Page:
Congress and the White House have taken steps to decrease an unforeseen hike in standard Medicare Part B next year. 1 in 7 beneficiaries are facing a 52% increase in premiums, to $159.30 in 2016. This will mark the largest rates jump in Medicare history.

However, a bipartisan contract on the federal budget, signed by President Obama on Nov. 2, has temporarily set the current premiums for most beneficiaries at $121.80 a month.

While most of the beneficiaries will pay the same Part B premium in 2016 like this year — $104.90 a month — specific groups of people will pay more, due to a vague part of the Medicare law which ties the cost of living allowance (COLA) in Social Security benefits to Part B premiums.

The government announced on Oct. 15 that there will not be a Social Security increase next year. So most people who receive both Medicare and Social Security will also not find an increase in their Medicare Part B premiums. But, that will transfer the burden of paying for increased costs to those Medicare beneficiaries who do not collect a Social Security check, higher-income recipients and those new to the program.

Joe Baker, president of the Medicare Rights Center thinks that they will be hit with a very high increase, which is not fair to seniors with fixed incomes.

About 7 in 10 recipients have their premiums automatically subtracted from their Social Security checks. And under a “hold-harmless” stipulation of the law, a zero Social Security COLA in any year implies that those people cannot pay more in standard Part B premiums than in the previous year — an incident that has happened only twice in the last 40 years.

Tricia Neuman, director of Medicare policy at the Kaiser Family Foundation, a health research group, says that the aim is to provide some protection to make sure that their checks won’t go down when Part B premiums rise.

The hold-harmless policy affects several groups, comprising of about 30% of Medicare enrollees. Around 16% of people with low incomes, whose premiums are paid by their states, will also not be affected personally. The remaining 14% (or around 1 in 7) will face the full blow of higher premiums out of their own earnings.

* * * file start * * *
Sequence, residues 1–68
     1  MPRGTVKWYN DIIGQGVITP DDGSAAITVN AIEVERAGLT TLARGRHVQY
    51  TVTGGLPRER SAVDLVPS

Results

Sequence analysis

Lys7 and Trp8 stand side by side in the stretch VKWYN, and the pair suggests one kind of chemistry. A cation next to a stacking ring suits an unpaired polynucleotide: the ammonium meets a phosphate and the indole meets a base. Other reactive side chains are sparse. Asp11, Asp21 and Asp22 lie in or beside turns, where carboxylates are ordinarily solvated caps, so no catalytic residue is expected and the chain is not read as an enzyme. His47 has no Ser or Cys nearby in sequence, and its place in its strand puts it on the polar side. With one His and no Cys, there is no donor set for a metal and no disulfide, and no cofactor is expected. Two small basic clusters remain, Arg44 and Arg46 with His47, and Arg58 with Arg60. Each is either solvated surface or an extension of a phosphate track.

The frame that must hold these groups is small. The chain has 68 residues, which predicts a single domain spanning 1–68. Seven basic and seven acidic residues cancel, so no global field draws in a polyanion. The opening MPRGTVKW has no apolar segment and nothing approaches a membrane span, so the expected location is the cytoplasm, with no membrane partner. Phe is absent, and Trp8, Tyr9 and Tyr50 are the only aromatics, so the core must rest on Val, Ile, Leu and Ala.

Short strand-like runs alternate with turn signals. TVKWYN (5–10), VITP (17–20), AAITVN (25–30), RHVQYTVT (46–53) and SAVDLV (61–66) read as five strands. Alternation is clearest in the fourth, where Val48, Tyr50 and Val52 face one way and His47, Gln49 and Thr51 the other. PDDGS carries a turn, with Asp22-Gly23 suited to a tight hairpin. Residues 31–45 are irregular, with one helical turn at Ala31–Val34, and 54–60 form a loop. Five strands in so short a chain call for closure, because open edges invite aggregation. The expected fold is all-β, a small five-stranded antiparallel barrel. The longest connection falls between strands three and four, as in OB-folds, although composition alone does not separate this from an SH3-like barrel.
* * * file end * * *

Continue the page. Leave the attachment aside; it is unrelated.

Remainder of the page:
The Medicare law states that standard premiums have to be set to cover 25% of the expected Part B costs for the next year, with the federal government paying the rest.

In normal years, those costs are distributed through the Medicare population with one premium for most enrollees, apart from the very rich, who pay more. However in zero-COLA years, the whole burden usually falls on a relatively few people— that is what happened in 2010 and 2011, when Congress was unable to soften the blow.

This year AARP and around 70 other organizations asked lawmakers to get involved, and they successfully decreased the size of the expected premium to $118.80 a month, with an extra monthly surcharge of $3 to tackle the financial shortfall. The surcharges will be used to pay for a $7.5 billion loan that finances the premium reduction, with the hope that it will be paid off in five years.

The monthly surcharge of $3 will be paid by most beneficiaries not held harmless in 2016, on top of their new monthly premium. However those who pay higher income-related Part B premiums — which is set to range from $170.50 to $389.80 next year — will need to pay surcharges of between $4.20 and $9.60 a month, according to their income.

In case there is a Social Security COLA in 2017 or 2018, and the standard premium returns to a single amount, the surcharges will be applicable to all Medicare beneficiaries till the loan is paid off.

Also the budget agreement reduces the projected annual Part B deductible. It had been expected to rise from $147 this year to $223 in 2016, but now setting it at only $166 next year.

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